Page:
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Copyright Owners Seeking Less than $30,000 in Damages Can Now Skip Federal Court

by | Jan 14, 2021 | Copyrights, Intellectual Property

Are you the owner of a copyright that has been violated? Are you seeking damages that are less than $30,000? Good news is here!

You may have heard that in December of last year, Congress passed the Copyright Alternative in Small-Claims Enforcement Act of 2019 (CASE Act) as part of their COVID relief bill. The CASE Act allows for the creation of a separate copyright infringement tribunal system for small claims cases. 

In other words, rather than forcing all copyright infringement cases to be adjudicated in federal court, those seeking lower damages (up to $15,000 per work and $30,000 per claim) can be decided by the newly created Copyright Claims Board.

The belief is that the ability of this Board to handle smaller claims will expedite those cases and make the whole process more efficient. 

How Will the Copyright Claims Board Work?

The newly created Board is made up of a panel of three judges. This panel will be able to engage in a number of typical court proceedings, including hearings, discovery, awarding damages, injunctions and other types of relief. 

Just like the federal court, the Board will be required to provide written decisions which must explain how their determination has both a legal and factual basis. 

The Scope of the Copyright Claims Board’s Power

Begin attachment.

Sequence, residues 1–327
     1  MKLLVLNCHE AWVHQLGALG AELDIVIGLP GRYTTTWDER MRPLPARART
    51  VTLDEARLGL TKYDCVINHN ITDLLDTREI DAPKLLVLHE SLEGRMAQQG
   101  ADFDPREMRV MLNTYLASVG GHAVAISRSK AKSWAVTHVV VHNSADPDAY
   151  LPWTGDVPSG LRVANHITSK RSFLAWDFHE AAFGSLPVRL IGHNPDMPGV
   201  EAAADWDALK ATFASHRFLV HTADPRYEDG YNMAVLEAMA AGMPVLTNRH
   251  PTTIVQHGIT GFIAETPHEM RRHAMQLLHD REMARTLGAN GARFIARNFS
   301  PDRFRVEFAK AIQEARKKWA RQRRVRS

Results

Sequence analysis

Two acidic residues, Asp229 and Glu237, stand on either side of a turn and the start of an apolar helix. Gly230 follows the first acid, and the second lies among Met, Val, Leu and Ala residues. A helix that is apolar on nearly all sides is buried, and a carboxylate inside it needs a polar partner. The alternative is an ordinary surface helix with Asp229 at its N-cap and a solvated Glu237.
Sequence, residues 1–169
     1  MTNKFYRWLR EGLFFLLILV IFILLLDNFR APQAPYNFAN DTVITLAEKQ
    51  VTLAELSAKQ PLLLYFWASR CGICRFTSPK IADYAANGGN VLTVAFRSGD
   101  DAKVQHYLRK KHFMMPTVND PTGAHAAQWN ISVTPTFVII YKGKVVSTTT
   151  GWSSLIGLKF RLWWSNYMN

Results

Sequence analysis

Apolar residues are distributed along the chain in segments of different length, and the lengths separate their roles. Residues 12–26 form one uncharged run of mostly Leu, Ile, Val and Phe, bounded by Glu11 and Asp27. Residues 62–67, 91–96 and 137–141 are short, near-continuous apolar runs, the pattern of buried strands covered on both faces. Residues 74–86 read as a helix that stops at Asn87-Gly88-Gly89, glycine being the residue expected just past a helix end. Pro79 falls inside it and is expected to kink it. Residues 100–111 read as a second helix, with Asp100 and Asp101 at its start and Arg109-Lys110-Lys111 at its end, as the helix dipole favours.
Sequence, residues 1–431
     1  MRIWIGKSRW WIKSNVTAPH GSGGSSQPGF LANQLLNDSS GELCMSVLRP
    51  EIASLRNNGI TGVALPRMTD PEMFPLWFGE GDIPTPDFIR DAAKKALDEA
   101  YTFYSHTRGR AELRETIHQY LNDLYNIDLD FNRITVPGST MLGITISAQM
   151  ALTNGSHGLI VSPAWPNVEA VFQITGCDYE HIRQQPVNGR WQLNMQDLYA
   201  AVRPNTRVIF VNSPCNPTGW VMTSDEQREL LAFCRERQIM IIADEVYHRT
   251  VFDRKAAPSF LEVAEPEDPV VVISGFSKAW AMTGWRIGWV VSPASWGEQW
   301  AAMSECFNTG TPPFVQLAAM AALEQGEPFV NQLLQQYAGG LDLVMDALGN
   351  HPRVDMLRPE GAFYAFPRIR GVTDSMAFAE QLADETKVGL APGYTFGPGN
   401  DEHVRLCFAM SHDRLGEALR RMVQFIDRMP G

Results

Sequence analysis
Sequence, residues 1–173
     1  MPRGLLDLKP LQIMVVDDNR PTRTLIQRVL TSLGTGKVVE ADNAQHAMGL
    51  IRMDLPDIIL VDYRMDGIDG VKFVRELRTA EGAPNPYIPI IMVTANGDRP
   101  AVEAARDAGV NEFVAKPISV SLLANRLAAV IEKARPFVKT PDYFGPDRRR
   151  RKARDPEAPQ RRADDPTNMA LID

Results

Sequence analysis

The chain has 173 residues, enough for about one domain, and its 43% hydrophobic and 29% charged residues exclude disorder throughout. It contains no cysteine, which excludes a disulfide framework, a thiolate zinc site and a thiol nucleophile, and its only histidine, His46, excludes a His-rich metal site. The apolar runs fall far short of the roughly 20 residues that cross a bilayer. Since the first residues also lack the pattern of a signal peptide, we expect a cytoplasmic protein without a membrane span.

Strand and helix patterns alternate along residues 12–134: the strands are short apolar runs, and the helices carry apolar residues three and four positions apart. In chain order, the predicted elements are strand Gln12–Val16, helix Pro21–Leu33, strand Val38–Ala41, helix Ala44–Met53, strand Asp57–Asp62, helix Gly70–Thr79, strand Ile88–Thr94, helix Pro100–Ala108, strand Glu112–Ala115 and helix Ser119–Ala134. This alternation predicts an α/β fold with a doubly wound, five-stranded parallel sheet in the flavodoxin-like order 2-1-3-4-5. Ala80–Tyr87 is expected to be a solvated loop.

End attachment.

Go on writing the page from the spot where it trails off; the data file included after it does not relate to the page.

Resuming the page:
Naturally, there are a few caveats to the scope and powers of the Board. Namely, the Copyright Claims Board:

  • Will only be allowed to hear Section 512(f) (limitations on liability relating to materials online) and Section 106 (exclusive rights in copyrighted works) claims 
  • Has to follow the laws of the federal jurisdiction where the case would have been filed if it had gone through the federal system
  • Does not have the power to make precedential decisions (even unto itself)

That being said, it is important to understand that the decision of the Board will be considered final, with only a limited review of decisions allowed. Specifically, parties who disagree with the decision must first contact the Register of Copyrights and the Copyright Claims Board itself to ask for review or reconsideration. 

Only after these methods are exhausted can they challenge the decision of the board — and even then this must be done within 90 days and is only allowed in very specific, limited situations.

Most copyright infringements cases are of lower value. The new Copyright Claims Board gives artists, photographers and writers an option to engaging in expensive litigation in the US District Courts.  Will the new system truly improve upon the old one? Only time will tell, but the simple fact that something new is being attempted to alleviate the stress on the current system is a big step in the right direction.

If you have copyright questions please call the IP team at Marks Gray, PA.


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